We had a first toilet stop at Seronera Airstrip, which had an administration building and served as a small airport, flying tourists in and out of Serengeti. Lunch was at a designated picnic spot in the park, with an overlook over a large pool full of hippos. We had packed lunches from Nimali, consisting of a square of quiche type thing, a chunk of roast chicken for me and a vegetable pastry for M., a sandwich on a burger bun (tuna for me and a vegetable relish for M.), a muffin, and a Granny Smith apple. I mentioned to Timba that these apples had first been grown in Sydney, not far from where we live. We also discussed what national parks we have in Australia.
Monkey at Seronera Airstrip
There were no other breaks during the afternoon, and it was continuous driving and animal spotting until we returned to the camp at about 17:30, having spent ten hours driving around the Serengeti. We'd seen a lot of different terrain: plains with scrub and many small trees, plains with tall grass and dotted with occasional acacia trees, plains with just grass and no trees, scrubland with red dirt highly reminiscent of outback Australia, rock islands jutting up from the plains, rounded hills, narrow rivers lined with palm trees, marshy land with pools deep enough for hippos, and also areas that had been burnt recently in controlled burns to revitalise the grassland.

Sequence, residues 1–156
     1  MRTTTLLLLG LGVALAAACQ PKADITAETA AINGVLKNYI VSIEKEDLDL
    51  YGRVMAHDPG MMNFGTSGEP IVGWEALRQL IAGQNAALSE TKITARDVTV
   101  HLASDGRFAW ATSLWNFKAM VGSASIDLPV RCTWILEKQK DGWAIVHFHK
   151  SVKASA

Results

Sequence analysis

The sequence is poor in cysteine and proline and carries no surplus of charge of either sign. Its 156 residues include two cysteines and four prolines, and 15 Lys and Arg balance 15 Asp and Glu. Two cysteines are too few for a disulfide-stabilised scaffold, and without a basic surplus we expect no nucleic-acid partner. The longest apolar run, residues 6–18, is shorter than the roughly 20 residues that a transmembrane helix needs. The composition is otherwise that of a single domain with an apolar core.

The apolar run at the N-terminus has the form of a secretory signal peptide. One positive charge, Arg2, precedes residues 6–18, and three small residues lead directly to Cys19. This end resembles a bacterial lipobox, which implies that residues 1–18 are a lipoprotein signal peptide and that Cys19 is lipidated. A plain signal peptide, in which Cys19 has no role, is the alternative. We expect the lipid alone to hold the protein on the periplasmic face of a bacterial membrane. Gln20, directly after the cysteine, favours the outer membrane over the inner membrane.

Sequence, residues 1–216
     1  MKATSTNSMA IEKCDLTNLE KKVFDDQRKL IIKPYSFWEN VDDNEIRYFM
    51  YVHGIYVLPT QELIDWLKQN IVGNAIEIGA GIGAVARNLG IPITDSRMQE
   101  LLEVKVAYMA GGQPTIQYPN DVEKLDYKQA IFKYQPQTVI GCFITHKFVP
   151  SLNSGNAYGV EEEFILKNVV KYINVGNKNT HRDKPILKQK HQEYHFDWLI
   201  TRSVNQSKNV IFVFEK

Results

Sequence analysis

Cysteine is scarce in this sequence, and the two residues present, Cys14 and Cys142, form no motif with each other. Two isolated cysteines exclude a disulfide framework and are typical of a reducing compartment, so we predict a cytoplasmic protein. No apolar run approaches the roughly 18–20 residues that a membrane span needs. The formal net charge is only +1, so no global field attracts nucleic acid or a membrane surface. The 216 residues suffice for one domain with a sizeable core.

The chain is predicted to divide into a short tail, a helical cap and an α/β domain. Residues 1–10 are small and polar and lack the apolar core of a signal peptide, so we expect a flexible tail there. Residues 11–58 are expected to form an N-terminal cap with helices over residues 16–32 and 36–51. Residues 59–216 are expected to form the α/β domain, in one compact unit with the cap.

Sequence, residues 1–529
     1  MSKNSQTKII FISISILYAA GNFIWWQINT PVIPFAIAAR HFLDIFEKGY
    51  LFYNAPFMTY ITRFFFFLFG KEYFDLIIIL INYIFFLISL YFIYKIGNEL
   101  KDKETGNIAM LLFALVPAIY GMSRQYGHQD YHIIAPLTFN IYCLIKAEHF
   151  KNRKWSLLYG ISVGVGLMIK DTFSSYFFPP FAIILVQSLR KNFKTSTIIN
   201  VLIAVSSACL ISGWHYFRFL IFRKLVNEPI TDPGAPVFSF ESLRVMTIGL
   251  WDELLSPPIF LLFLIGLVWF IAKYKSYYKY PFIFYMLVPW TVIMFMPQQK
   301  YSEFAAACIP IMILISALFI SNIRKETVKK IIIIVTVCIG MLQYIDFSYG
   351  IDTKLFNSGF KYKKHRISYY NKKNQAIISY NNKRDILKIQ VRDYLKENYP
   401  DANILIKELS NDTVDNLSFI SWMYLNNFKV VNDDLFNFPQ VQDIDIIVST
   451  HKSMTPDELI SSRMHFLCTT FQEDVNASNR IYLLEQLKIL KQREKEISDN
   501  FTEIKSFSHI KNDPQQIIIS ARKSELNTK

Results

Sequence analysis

Timba provided us with a lot of informative commentary on the life cycles and behaviours of the various animals we were seeing. He included some amusing asides, such as telling us that it was easy to tell male and female zebras apart, as males were white with black stripes while females were black with white stripes. He also said that wildebeest were leftover animals, assembled from the mane of a lion, the stripes of a zebra, the body of an antelope, but they had no spare brains when assembling them.
Wildebeest, the leftover animal
Other highlights of the day included seeing a group of half a dozen vultures right beside the road, next to a hyena, as well as two black-backed jackals hovering nearby. The hyena had made a kill and was guarding it, while the vultures and jackals were waiting to move in to scavenge the remains. And the final sighting of the day was when we were very close to our camp, when we saw three hyenas lying right in the middle of the road! The observed us lazily but didn't move, and Timba went off road to drive around them.
Eventually back at the camp, we rested up before dinner. This time I tried a Kilimanjaro beer, which was very similar to the Safari from yesterday. The Spanish group joined us at the bonfire tonight, and we learnt that they are not from Spain, but are a family spread across Panama, Costa Rica, and the USA, and they get together to travel like this twice a year. One woman told us that last night they had been sitting by the fire around 20:30 when some hyenas appeared nearby. The staff ran for the tents, and so they did too, terrified. The others joked about it but the lady seemed genuinely worried about it.
Kilimanjaro beer, back at the camp
We had dinner at 19:00 again. It was lentil soup with garlic bread, then pork chops with sweet potato and vegetables (the pork substituted by eggplant with cheese for M.), and a small crepe suzettes for dessert. Then we went back to our tent to shower and retire for the night.